Coverage-Based Software Testing
In Software Engineering, Coverage-Based testing means running your tests and then, usually with a specialized tool, seeing what parts of your program the tests "covered" and which were left-out of the test. It's not a perfect technique: you might "cover" a piece of code and still miss the bug that is there. However, if you didn't cover a piece of code, then you definitely won't find the bug there. So it's one of the quicker methods to find holes in your testing, albeit an imperfect one.
Get a game together and run a playtest on your game artefact, be it a game system or module. Now, when the playtest is over, ask yourself what parts of the game did your playtest "cover". The simplest way to do this is to skim through the text and circle any rooms, monsters, magic items, etc. that didn't get used.
Okay, so you've got your list of "holes". What do you do with them?
The Brute Force Approach
The ideal option is to continue running playtest after playtest until most or all of the holes are covered. But that can take a lot of time, especially since, along with the holes, you will no doubt be re-hashing a lot of the same covered material as in previous games.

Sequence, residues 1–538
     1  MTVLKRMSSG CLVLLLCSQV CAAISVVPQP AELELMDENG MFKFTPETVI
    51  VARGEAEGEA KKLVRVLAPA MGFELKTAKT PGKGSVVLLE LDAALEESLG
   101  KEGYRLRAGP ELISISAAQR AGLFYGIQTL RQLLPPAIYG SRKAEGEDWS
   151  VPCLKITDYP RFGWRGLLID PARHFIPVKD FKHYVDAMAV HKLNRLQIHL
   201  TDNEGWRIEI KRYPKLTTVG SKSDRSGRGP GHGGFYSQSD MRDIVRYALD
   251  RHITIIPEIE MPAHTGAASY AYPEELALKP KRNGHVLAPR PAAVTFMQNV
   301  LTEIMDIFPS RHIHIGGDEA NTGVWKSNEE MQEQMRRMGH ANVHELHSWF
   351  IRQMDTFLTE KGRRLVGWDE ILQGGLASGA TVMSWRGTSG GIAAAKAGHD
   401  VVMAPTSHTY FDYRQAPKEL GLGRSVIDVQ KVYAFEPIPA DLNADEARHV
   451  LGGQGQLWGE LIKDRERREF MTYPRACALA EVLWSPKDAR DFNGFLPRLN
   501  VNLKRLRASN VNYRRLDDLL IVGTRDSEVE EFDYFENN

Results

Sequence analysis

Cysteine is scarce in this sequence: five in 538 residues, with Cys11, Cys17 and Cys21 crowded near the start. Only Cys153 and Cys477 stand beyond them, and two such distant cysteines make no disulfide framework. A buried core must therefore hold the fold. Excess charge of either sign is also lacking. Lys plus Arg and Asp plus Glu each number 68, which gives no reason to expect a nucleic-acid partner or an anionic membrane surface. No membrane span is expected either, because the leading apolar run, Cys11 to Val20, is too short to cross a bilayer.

For one, you can decide which holes are really a problem and which aren't. Empty rooms might not be so important to playtest, for instance. You might also filter them based on what concerns you have for this artefact.
Now that your group finished their playtest tell them "OK, now let's go back in time to when you went right at that passage and instead say you decided to go left". Continue to reset them to past locations until most or all of the holes are covered.
The Proofreading Approach
You're not going to get around to covering everything via actual play. Instead, give the holes an extra round of proofreading, to make up for them not being covered in the playtest.